tennessee tornado
Credit: Chicago & Midwest Storm Chasers/Twitter

Tennessee Tornadoes Leave 'War Path' of Torn Down Trees

With winds speeds over 140 mph, officials classified the tornadoes in Columbia, Tennessee, as EF3s.

Tornadoes reaching speeds as fast as 140 miles per hour ripped through Columbia, Tennessee, this week, leaving mass wreckage and three people dead.

In videos posted to social media, you can see the devastation. The channel Chicago & Midwest Storm Chasers described it as "driving through a war path" as the storm tore apart trees along the country roads.

The video shows rows and rows of trees broken in half and knocked over as work crews try to clear off debris. Behind those trees, roofs were ripped off of houses, a variety of vehicles were flipped over, and other general mayhem occurred in the rural area.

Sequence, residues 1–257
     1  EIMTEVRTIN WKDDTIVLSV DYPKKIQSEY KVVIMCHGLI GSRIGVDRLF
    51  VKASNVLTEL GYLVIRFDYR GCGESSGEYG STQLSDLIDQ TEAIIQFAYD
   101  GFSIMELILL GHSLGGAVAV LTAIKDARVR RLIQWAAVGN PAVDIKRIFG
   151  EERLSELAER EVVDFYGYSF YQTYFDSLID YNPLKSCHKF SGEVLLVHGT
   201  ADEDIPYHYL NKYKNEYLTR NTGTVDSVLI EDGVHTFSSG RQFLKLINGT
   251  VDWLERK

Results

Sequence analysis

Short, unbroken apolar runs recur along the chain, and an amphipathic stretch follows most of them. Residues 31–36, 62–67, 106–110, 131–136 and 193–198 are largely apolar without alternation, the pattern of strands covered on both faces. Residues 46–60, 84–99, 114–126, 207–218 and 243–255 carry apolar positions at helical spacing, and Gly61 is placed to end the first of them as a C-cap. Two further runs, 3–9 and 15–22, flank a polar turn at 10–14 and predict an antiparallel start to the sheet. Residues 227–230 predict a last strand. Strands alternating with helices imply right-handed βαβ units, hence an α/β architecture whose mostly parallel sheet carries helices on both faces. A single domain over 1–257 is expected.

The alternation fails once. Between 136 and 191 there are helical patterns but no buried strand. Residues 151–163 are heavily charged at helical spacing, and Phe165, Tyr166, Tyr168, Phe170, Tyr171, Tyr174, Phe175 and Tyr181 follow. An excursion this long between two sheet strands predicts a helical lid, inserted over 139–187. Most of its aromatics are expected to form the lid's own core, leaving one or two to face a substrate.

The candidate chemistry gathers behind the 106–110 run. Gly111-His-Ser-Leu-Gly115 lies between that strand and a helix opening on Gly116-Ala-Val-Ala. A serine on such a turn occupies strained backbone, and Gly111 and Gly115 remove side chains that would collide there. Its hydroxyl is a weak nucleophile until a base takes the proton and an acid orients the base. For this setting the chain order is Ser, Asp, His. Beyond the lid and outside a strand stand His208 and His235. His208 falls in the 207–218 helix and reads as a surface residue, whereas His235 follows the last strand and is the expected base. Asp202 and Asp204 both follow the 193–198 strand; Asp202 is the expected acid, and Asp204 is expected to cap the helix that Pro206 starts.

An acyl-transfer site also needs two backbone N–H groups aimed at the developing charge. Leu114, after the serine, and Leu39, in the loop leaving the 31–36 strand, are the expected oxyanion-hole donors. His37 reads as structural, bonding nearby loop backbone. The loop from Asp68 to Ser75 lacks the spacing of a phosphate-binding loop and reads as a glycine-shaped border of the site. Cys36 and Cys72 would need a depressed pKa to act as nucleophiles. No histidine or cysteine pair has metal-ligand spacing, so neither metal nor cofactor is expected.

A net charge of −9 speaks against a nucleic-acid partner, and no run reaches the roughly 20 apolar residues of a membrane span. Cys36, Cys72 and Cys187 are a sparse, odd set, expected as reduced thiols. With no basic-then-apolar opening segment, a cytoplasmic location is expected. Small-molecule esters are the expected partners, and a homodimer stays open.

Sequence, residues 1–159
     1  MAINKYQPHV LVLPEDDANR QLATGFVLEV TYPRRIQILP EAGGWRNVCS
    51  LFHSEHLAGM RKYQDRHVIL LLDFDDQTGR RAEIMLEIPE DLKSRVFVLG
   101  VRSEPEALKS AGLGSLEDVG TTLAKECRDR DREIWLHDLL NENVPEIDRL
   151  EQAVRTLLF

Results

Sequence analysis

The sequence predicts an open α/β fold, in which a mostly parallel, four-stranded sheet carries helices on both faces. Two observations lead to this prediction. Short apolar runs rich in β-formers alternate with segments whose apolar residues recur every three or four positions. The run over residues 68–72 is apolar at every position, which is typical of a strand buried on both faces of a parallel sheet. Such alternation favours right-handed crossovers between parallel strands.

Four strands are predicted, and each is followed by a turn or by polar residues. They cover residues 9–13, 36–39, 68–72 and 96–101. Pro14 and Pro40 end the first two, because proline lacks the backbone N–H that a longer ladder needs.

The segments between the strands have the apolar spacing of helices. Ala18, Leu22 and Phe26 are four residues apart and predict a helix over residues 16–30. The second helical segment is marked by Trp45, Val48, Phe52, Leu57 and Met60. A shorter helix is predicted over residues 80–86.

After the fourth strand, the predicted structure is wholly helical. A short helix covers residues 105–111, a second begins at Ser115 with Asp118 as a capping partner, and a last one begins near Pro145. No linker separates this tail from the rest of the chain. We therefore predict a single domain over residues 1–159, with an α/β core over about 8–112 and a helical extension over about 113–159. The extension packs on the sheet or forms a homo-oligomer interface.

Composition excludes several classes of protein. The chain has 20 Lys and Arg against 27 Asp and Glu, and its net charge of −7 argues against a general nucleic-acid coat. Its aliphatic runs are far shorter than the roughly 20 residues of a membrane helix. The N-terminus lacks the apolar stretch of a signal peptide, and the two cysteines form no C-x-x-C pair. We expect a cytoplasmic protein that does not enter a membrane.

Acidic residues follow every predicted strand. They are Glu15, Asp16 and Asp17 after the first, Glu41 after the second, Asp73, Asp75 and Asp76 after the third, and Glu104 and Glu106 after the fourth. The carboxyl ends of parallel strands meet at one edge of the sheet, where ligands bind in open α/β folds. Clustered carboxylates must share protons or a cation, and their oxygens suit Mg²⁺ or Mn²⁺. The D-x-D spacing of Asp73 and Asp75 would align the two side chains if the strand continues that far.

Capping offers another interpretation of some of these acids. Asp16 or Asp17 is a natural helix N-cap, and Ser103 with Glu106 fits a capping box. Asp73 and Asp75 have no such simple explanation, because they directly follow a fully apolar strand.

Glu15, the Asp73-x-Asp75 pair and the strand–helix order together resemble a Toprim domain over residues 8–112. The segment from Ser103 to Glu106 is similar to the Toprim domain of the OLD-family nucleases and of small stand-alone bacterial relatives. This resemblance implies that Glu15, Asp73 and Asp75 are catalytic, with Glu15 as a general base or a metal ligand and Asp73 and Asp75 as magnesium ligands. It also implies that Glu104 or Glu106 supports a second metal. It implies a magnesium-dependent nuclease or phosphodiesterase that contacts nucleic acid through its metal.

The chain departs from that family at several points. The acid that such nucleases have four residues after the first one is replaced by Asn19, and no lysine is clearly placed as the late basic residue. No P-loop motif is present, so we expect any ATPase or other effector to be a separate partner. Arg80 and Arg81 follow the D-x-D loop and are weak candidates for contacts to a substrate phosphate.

With 140-mile-per-hour winds, Columbia's tornado was classified as an EF3, but in other areas, the winds were less powerful. The National Weather Service in Nashville reported EF1 and EF0 tornadoes, meaning winds reached 90 and 80 miles per hour, respectively.

According to reports, tornadoes touched down late Thursday in Maury County, which is where Columbia is located, and then spread to Robertson County and Rutherford.

Late last month, other areas of the United States were also devastated by tornadoes. Oklahoma lost four people and experienced mass power outages in addition to injuries and damage. And then in Nebraska, areas saw tornadoes classified as EF3 with wind speeds exceeding 165 miles per hour. They were going so fast they even derailed a train.